Aluminium Cooking Equipment

Some studies estimate that half of all cookware produced is made out of aluminium. This preponderance is most likely due to the fact that aluminium is a relatively inexpensive metal that conducts heat well. Conductivity is an extremely important quality in cooking; the pan made from metal that conducts heat better will heat up and cool down more quickly than others, resulting in more accurate cooking results.

One downside to aluminium is that it can react to acidic foods, like lemon juice, and cause tiny pits to form on the surface of the pan. Most companies producing higher-quality cookware, however, treat their aluminium so that it does not react with acidic foods and is more scratch-resistant than aluminium alone. Many companies use the term “anodized aluminium” when referring to aluminium treated this way. 

Although you may have heard rumours and news hype suggesting exposure to aluminium causes Alzheimer’s disease, there are no studies to prove this is true. Furthermore, processes like anodizing prevent the aluminium from reacting with foods, so less is absorbed by the food. 

In purchasing aluminium pans, many have the option of a non-stick lining. These non-stick coatings prevent the cooked food from sticking to the surface of the pan, like what happens when sautéing chicken breasts and cooking rice. Non-stick pans can certainly make clean-up easier. Many cooks swear by non-stick pans because of this everyday benefit, but there are a few drawbacks to non-stick coatings. First of all, they cannot be used over high heat because it will cause the coating to crack or breakdown and therefore cannot go into the oven. Secondly, although many companies claim the opposite, the coating seems to shorten the life of a pan, inevitable flaking or cracking after a few years. The U.S. Food and Drug Administration has tested non-stick coatings, however, and says if flakes are ingested, they will pass through the body without causing any harm.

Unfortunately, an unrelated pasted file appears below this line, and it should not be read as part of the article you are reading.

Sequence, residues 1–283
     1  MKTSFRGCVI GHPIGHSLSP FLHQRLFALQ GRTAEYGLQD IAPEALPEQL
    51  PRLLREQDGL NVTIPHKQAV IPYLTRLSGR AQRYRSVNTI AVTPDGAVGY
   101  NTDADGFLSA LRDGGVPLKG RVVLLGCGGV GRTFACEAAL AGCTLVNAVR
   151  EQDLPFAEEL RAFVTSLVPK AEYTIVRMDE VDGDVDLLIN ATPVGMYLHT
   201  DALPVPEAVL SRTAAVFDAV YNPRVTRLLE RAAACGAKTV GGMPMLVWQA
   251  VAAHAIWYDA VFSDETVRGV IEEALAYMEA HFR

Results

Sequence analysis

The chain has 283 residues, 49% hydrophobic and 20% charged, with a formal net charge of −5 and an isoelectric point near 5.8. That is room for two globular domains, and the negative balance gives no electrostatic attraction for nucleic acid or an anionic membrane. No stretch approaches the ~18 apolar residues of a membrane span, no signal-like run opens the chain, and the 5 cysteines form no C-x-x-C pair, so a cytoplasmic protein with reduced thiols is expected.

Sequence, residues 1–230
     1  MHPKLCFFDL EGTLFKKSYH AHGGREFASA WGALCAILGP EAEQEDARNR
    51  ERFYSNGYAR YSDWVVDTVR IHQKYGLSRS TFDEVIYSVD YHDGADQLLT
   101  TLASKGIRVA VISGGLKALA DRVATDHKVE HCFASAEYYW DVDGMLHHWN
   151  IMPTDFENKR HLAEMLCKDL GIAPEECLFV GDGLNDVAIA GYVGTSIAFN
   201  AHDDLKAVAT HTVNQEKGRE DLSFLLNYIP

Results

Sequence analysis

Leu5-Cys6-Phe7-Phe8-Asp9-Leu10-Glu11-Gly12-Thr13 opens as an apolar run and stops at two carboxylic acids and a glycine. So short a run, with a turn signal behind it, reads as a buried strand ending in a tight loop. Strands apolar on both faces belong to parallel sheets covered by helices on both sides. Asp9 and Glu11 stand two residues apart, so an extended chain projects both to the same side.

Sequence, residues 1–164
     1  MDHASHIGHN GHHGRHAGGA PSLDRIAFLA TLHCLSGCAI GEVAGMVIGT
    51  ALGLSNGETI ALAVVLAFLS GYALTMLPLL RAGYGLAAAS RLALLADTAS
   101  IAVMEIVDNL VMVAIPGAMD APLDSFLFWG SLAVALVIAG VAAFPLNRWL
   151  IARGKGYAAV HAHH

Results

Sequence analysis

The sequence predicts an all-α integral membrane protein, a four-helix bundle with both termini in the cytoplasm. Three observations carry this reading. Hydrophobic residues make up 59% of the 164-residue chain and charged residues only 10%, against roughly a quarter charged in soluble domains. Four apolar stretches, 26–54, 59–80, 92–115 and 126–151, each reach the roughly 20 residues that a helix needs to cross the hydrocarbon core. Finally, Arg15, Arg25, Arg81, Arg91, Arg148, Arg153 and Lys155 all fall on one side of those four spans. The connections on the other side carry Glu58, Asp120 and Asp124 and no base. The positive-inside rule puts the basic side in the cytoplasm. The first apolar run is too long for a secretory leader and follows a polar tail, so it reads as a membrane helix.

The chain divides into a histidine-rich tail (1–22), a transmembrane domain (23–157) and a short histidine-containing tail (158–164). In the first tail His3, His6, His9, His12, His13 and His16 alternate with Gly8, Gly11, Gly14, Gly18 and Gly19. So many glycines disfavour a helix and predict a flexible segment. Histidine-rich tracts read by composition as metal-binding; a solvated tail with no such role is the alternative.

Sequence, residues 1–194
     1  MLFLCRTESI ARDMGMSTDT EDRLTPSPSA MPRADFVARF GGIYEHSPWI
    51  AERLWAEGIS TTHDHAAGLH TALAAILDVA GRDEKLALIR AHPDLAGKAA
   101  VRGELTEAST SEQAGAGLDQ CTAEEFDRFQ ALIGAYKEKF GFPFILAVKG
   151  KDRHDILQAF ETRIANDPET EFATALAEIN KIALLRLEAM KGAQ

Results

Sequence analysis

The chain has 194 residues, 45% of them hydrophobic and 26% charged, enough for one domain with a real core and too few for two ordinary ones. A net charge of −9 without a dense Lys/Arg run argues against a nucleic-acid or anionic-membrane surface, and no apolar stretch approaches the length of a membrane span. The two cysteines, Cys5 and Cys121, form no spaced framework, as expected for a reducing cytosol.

Whether you decide to choose non-stick aluminium coated pans or not (and there are professionals dividedly equally on both sides of the debate), choosing a heavy-duty, thick aluminium pan that feels extremely sturdy (note the connection between the pan and the handle), will provide you with a longer-lasting pan that distributes heat evenly to the food.

© Cooking 2008

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